A French museum has amassed a collection of cars that used to belong to world leaders, including the DS Charles De Gaulle was blown up in. Motorbiker.Org's Mike Werner takes us on a tour.
In the heart of one of France's wine areas, Burgundy, in between the rolling hills, rivers and forests, you'll find a beautifully restored 18th century castle. Next to the castle is a museum, called the Presidential Cars museum (Musée des Voitures des Chef d'Etat).
The museum grew out of the passion of one man, Frenchman Olaf Delafon, a former stock trader working in the USA. His love for old cars grew into a passion, and he started collecting special cars; those used by the heads of state. The private collection turned into a public museum in 1993 after thousands of people asked to see the cars.
He placed the presidential cars, all in different state of restoration, in the castle's barns. Today his collection contains cars from US Presidents JFK (1962 Cadillac Fleetwood Limousine) and Eisenhower (1953 Chrysler Crown Imperial), USSR Presidents Kroutchev and Brejnev (1960 Zil) and French Presidents like De Gaulle (1960 Renault Rambler) and Mitterand (1979 Citroen CX Prestige). He's even got a Popemobile and the car belong to the Romanian dictator, Nicolae Ceaucescu (a Mercedes 600 Pullman).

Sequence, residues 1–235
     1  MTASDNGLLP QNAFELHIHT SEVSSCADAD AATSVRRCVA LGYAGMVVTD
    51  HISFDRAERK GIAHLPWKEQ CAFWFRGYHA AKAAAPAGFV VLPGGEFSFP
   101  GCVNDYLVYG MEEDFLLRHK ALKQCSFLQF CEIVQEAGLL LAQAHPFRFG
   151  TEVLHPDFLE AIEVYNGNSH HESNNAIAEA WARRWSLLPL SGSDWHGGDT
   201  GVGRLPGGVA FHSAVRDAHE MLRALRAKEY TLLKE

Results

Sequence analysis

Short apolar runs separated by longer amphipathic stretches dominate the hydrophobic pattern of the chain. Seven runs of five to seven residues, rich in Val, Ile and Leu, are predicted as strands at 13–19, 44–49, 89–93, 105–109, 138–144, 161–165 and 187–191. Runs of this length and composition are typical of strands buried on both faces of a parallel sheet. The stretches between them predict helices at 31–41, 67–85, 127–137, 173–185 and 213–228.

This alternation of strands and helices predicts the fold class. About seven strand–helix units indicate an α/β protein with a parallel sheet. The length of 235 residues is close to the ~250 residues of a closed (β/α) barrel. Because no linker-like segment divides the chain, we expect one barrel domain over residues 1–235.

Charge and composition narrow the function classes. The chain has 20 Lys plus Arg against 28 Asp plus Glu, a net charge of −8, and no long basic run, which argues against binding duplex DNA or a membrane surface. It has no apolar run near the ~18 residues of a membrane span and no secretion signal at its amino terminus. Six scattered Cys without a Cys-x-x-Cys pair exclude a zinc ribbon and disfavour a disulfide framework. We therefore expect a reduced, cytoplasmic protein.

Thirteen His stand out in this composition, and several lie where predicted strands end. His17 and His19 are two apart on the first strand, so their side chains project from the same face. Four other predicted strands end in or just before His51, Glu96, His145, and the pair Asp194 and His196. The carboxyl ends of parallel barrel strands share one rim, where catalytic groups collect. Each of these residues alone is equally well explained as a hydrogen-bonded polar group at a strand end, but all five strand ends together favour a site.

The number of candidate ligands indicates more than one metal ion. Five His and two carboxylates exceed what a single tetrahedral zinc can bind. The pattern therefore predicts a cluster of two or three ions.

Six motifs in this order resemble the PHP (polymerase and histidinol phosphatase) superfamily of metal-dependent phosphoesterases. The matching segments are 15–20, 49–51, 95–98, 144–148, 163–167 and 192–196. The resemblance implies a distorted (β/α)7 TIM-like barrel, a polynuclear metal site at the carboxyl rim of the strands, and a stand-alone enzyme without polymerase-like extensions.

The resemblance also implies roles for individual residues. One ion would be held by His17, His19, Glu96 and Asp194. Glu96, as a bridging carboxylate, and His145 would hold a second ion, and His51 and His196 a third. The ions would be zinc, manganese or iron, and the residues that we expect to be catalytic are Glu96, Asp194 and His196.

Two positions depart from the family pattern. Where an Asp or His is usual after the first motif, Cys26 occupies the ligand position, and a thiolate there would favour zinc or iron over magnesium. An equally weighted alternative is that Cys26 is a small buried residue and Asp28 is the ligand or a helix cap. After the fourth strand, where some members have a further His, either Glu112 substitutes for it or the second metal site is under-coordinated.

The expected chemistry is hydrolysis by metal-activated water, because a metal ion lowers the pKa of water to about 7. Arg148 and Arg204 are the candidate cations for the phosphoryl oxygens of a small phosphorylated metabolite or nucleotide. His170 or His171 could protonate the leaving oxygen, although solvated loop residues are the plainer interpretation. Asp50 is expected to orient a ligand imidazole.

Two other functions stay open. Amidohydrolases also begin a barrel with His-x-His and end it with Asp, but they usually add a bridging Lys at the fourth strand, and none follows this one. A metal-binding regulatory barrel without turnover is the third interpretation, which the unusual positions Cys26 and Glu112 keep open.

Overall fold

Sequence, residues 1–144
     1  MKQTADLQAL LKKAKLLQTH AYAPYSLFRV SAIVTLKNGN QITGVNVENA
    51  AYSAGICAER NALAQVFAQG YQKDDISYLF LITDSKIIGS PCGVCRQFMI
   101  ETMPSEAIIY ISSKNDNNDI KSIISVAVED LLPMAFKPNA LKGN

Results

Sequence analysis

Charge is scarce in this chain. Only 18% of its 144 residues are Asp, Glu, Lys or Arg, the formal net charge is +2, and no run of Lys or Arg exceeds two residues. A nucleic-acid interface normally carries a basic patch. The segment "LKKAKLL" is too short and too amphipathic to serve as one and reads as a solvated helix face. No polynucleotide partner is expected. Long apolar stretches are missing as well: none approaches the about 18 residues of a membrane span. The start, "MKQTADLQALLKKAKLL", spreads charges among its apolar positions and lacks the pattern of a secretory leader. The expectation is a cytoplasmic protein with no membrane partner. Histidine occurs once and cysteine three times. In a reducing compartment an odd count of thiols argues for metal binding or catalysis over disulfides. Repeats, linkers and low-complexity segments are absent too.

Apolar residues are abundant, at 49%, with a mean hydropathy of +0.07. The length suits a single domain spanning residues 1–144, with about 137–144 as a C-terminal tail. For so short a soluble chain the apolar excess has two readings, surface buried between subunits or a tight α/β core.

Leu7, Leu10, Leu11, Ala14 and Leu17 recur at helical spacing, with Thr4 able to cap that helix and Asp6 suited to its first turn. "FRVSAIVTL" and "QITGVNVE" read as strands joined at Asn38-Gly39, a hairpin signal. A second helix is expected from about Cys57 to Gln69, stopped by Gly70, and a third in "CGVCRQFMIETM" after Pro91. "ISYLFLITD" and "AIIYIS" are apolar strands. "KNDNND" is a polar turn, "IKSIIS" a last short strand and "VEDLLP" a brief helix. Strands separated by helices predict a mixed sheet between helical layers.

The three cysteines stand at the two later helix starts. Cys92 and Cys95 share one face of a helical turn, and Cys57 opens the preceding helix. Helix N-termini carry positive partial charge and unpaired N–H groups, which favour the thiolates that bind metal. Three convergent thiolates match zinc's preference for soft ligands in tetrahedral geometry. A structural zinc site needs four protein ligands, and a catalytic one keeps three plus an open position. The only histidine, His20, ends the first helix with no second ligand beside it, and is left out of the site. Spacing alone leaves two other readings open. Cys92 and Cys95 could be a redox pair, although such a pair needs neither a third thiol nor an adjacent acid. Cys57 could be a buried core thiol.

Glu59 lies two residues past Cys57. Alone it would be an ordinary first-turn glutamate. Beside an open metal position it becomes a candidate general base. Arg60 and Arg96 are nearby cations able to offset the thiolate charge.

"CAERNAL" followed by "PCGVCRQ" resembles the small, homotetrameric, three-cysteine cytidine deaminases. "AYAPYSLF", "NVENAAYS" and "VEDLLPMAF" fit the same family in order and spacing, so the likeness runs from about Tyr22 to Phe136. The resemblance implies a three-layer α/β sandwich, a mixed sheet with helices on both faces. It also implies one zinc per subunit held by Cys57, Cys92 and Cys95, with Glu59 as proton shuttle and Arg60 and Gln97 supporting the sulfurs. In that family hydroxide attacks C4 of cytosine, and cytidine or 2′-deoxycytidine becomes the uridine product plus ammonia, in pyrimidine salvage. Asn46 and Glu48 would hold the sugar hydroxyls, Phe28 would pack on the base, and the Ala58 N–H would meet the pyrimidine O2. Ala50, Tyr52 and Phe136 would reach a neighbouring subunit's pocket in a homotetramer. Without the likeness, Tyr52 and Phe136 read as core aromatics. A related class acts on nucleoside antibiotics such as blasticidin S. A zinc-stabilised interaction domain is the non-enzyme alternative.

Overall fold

Though all these cars are special, some are a bit more special. For example, the museum has the Citroen DS19 car that was blown up when they tried to assassinate the General De Gaulle.
The heavily armored 1957 Cadillac Fleetwood Limousine belonging to the Emir of the Abu Dhabi, United Arab Emirates is also shown. The front window has been replaced by a window used on airplanes, and tall chrome has been painted black, giving the car a sinister and dangerous look.
Some cars still have the original dust on them as they were found. One even has a sign on it saying "Original Dust".
Like all museums, there's even a souvenir shop, but this one is special. Olaf has on sale toy cars dating back decades, a nice touch for a museum.
The museum is open every day, and starting next year April, a new exhibit will open, called "Barn Finds". Here, Olaf will be showing cars "as they come in", in other words, you'll see the cars without restoration, full of dust, rust and bird droppings.
The castle itself can be visited on request, and they cater towards large groups, specially vintage car groups. On request, the owner will give you a guided tour of all the cars. [Voitures Presidentielles]